Washingtonâ€™s role in Ukraine is different only in its implications for the rest of us. For the first time since the Reagan years, the US is threatening to take the world to war. With eastern Europe and the Balkans now military outposts of Nato, the last â€œbuffer stateâ€ bordering Russia is being torn apart. We in the west are backing neo-Nazis in a country where Ukrainian Nazis backed Hitler. Having masterminded the coup in February against the democratically elected government in Kiev, Washingtonâ€™s planned seizure of Russiaâ€™s historic, legitimate warm-water naval base in Crimea failed. The Russians defended themselves, as they have done against every threat and invasion from the west for almost a century.
But Natoâ€™s military encirclement has accelerated, along with US-orchestrated attacks on ethnic Russians in Ukraine. If Putin can be provoked into coming to their aid, his pre-ordained â€œpariahâ€ role will justify a Nato-run guerrilla war that is likely to spill into Russia itself.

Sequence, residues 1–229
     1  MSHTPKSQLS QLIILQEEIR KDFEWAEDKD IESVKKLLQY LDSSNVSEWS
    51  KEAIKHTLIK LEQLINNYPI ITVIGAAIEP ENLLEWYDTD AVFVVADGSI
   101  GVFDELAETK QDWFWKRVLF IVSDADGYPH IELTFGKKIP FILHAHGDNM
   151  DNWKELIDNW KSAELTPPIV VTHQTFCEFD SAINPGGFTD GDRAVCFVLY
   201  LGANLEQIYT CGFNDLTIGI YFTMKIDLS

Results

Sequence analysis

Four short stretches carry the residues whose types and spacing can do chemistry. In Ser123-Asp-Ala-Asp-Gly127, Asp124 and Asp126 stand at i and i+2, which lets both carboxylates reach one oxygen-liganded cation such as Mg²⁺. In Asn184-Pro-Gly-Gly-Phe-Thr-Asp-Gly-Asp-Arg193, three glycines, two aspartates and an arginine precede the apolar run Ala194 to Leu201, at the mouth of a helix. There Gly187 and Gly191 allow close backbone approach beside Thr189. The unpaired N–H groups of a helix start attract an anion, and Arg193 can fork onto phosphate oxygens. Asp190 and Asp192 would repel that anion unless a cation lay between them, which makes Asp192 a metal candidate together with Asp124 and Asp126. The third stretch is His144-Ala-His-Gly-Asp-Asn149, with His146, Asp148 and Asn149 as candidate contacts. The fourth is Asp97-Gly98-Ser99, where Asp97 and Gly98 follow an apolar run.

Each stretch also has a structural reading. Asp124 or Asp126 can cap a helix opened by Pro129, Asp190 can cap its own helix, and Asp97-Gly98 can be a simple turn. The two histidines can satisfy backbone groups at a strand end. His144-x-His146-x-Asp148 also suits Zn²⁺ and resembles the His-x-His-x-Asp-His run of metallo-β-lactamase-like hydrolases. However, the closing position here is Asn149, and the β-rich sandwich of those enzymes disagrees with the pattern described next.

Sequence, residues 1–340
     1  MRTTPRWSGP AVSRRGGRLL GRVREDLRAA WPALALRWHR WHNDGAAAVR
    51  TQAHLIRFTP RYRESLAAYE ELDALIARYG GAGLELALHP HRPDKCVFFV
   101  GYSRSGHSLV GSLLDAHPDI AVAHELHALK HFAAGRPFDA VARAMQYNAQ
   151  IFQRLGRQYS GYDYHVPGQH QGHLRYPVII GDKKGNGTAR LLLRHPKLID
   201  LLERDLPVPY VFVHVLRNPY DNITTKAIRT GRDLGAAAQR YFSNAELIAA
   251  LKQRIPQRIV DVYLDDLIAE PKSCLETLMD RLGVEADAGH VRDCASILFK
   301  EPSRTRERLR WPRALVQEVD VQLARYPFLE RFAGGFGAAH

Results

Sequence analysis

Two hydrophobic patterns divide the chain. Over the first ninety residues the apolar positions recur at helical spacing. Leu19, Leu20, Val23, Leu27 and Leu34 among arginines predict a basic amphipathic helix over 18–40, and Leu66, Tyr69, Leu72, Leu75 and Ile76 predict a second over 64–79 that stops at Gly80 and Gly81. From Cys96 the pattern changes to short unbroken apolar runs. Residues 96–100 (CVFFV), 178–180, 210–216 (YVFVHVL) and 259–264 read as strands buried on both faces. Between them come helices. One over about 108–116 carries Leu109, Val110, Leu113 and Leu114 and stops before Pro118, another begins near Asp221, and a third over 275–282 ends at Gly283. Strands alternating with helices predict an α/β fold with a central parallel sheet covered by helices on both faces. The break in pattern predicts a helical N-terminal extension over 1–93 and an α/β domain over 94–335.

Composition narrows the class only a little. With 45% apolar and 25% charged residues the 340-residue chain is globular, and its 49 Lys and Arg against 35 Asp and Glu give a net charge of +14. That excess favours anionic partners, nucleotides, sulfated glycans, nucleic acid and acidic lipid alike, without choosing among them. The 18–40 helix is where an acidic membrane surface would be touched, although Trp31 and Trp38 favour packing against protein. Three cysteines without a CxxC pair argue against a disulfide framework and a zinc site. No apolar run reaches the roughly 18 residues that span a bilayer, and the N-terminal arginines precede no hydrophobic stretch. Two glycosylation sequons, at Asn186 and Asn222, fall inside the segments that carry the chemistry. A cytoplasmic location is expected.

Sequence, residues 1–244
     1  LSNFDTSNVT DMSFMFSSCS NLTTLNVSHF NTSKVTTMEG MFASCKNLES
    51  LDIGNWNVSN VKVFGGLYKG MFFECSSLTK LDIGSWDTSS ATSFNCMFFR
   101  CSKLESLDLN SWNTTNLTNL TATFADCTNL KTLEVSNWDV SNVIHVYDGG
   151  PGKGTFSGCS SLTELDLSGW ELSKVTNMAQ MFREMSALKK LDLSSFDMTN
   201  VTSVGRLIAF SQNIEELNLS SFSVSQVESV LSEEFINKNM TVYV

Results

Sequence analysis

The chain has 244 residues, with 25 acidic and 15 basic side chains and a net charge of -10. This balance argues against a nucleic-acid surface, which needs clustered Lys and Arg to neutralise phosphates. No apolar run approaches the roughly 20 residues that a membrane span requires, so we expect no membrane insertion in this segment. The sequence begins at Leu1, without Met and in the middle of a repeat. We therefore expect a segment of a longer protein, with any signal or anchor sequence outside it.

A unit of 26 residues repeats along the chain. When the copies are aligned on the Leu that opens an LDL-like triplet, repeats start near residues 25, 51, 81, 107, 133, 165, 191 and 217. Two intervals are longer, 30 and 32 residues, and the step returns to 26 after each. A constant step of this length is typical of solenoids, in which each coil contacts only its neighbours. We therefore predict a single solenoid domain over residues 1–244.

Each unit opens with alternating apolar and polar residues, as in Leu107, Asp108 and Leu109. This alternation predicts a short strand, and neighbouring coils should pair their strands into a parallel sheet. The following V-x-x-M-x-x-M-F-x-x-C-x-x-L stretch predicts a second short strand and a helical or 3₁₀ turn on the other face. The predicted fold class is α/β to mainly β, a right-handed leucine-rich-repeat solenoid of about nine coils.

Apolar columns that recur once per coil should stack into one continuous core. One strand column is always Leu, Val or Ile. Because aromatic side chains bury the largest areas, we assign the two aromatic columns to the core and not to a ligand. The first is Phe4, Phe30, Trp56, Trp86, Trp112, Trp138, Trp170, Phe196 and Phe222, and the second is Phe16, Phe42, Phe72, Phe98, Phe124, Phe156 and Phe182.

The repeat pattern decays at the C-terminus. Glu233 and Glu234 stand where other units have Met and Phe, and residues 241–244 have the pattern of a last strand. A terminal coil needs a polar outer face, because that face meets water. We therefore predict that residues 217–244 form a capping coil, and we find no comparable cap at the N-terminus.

Instead, Putin has confounded the war party by seeking an accommodation with Washington and the EU, by withdrawing troops from the Ukrainian border and urging ethnic Russians in eastern Ukraine to abandon the weekendâ€™s provocative referendum. These Russian-speaking and bilingual people – a third of Ukraineâ€™s population – have long sought a democratic federation that reflects the countryâ€™s ethnic diversity and is both autonomous and independent of Moscow. Most are neither â€œseparatistsâ€ nor â€œrebelsâ€ but citizens who want to live securely in their homeland.
Like the ruins of Iraq and Afghanistan, Ukraine has been turned into a CIA theme park – run by CIA director John Brennan in Kiev, with â€œspecial unitsâ€ from the CIA and FBI setting up a â€œsecurity structureâ€ that oversees savage attacks on those who opposed the February coup. Watch the videos, read the eye-witness reports from the massacre in Odessa this month. Bussed fascist thugs burned the trade union headquarters, killing 41 people trapped inside. Watch the police standing by. A doctor described trying to rescue people, â€œbut I was stopped by pro-Ukrainian Nazi radicals. One of them pushed me away rudely, promising that soon me and other Jews of Odessa are going to meet the same fate… I wonder, why the whole world is keeping silent.â€